With his chiseled features, lithe body and magnetic presence, Billy Crudup is the ultimate matinee idol. Certainly, he's the last person you'd dream of casting as John Merrick, the tragic Victorian figure whose face and body were so grotesquely misshapen that he caused people to shriek and faint when he was put on display as a carnival freak. Nevertheless, Crudup was director Sean Mathias's only choice to star in the revival of Bernard Pomerance's 1979 Tony Award winner, The Elephant Man . But fans hooked on the looks of the mercurial performer, who won the Outer Critics Circle's Outstanding Debut of an Actor Award for Arcadia and a Clarence Derwent Award for Three Sisters onstage and made his movie mark in Jesus' Son and Almost Famous, need not fear. As Merrick, Crudup avoids putty and prosthetics, relying instead upon his artistry and the imagination of theatregoers.
"Merrick is defined primarily by the way people in the play react to him," Crudup tells me, looking cool and casual as we sit in a hallway just outside a rehearsal hall off Times Square. "When you see characters again and again turning away from him, you as an audience member begin to use your imagination and try to see what they're seeing in him, try to smell what they're smelling in him, and you come to your own conclusion about what's horrifying in him. The interesting thing to me is, when he's finally given the seal of approval by those in power, there is something deeply cruel about the way these people embrace him. He becomes a way for them to feel good about themselves. There is still a lack of recognition of his humanity. Mrs. Kendal, the actress, is the first person who sees his humanity, and that gives Merrick a newfound courage. She sees vastly different characteristics that exist within him, not the least of which is his own sexuality."
The actress who sees inside Crudup in The Elephant Man is Kate Burton, but in real life it's Mary-Louise Parker, his true love since they were teamed in Bus Stop in 1996. Don't expect to hear the details, however. "My personal history is uninteresting," insists the 33-year-old, New York-born actor who ripened into a boy scout and class clown in Dallas, finally earning a Master's in Fine Arts at NYU's Tisch School of the Arts. "The more that people think about me and my personal history, the less they're thinking about the characters that I create."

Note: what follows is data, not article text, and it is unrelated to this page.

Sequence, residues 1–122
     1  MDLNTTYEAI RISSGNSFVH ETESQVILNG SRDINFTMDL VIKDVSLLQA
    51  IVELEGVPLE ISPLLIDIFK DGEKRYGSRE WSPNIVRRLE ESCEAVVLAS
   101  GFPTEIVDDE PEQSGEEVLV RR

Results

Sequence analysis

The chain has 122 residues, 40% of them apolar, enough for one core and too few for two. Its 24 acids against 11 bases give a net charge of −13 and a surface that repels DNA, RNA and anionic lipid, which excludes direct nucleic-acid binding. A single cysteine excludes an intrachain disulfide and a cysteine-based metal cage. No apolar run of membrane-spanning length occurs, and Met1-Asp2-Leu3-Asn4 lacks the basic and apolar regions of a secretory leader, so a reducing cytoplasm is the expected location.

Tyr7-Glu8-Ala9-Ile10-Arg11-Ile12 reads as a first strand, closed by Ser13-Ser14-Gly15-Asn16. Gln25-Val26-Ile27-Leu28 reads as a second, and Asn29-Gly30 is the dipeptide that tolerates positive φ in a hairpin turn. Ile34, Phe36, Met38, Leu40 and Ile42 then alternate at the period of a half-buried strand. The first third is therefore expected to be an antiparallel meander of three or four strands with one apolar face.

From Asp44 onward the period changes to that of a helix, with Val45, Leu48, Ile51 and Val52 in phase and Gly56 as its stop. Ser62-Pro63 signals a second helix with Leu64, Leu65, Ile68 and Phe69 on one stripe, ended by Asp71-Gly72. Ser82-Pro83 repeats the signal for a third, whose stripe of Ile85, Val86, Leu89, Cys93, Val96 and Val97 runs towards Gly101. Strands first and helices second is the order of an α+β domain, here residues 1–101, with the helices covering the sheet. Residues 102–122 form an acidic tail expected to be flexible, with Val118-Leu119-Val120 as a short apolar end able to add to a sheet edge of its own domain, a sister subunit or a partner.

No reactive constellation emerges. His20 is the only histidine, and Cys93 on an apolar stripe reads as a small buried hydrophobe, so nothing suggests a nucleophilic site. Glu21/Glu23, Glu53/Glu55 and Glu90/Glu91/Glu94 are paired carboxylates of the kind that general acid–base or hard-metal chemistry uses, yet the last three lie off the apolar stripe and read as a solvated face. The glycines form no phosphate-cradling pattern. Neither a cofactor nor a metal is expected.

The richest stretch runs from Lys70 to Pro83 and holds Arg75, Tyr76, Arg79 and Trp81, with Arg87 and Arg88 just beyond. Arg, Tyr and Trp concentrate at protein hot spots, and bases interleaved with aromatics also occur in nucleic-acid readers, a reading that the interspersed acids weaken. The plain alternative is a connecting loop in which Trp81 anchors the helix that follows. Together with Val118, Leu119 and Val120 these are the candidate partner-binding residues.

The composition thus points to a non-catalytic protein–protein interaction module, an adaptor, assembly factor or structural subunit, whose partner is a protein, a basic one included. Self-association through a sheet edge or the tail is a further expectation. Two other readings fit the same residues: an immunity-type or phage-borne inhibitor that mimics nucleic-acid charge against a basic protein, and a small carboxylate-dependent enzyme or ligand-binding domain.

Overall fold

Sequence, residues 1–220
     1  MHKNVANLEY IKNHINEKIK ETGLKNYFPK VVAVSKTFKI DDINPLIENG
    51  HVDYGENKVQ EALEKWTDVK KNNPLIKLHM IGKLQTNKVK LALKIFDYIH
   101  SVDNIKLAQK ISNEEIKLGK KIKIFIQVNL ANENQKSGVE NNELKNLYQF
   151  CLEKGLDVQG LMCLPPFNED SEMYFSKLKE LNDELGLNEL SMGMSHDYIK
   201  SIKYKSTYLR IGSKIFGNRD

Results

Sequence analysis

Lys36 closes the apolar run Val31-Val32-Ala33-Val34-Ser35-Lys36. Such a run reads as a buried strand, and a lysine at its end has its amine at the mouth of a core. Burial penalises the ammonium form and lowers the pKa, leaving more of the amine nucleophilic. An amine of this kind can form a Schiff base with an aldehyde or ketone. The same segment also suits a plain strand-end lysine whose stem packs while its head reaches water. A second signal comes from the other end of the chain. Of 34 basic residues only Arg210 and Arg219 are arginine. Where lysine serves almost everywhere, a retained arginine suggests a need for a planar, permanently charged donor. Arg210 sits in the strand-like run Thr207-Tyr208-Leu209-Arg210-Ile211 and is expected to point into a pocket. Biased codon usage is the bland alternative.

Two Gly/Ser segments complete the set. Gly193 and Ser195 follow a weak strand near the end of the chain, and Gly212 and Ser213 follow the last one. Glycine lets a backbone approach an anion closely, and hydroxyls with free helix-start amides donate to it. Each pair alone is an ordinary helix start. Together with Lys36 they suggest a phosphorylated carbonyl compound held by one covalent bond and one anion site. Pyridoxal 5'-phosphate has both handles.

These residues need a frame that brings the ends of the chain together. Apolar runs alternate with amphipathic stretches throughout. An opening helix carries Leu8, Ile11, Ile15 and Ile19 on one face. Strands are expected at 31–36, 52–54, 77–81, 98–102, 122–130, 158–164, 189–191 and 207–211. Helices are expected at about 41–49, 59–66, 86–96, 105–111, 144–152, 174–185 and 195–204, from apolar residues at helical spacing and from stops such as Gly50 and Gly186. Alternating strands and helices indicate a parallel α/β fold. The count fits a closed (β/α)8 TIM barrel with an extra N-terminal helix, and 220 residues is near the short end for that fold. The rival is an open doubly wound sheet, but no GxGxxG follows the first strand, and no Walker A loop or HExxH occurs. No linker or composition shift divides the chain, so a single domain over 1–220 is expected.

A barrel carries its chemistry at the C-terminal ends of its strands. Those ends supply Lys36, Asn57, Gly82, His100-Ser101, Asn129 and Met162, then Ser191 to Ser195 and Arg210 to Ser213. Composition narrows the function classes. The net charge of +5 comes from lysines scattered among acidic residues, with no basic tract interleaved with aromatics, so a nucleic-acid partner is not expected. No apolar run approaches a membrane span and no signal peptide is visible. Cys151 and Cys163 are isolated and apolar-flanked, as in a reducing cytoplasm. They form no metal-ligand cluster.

One character he did not create was the one Leonardo DiCaprio played in Titanic, reportedly because that blockbuster was not the sort of vessel he wished to board. "I was never offered that role," Crudup sighs. "That was a creation of somebody's imagination. Listen, I never intended to shy away from admiration or adulation. I want people to like my work, I want people to see my work. I feel that a movie like Jesus' Son should have been seen by millions and millions and millions of people. Why it wasn't is beyond my comprehension, but it is not my intention to appeal to a limited audience."
In the end, the rapport between Crudup and his audience is what counts most; that's why his heart belongs more to the theatre than to film. "The biggest part of who I am as an actor is being onstage," he says. "That's the environment I was trained in, it's what I feel most comfortable in, and it's the process that I like to explore the most." And there's less emphasis on perfect looks in the theatre, a fact that seems to please Crudup, even though his looks come criminally close to perfection. "The reasons one feels good about oneself rarely come from the way that one looks. I go through the same sort of sweeps in feeling good about myself and my own virility and sense of self-esteem as I would think anyone else does. It rarely has anything to do with how good I think I look."
However good or not good he looks in The Elephant Man, what is it that Crudup wants the audience to come away with? "Hopefully, it'll be a very personal experience for everybody," he says. "I think there are people who will be incredibly uplifted, who will be able to celebrate this guy's humanity. And there are people who will be devastated, who will be forced to confront things about their own existence that are difficult to cope with. And I think there are some people who'll simply enjoy a good night in the theatre."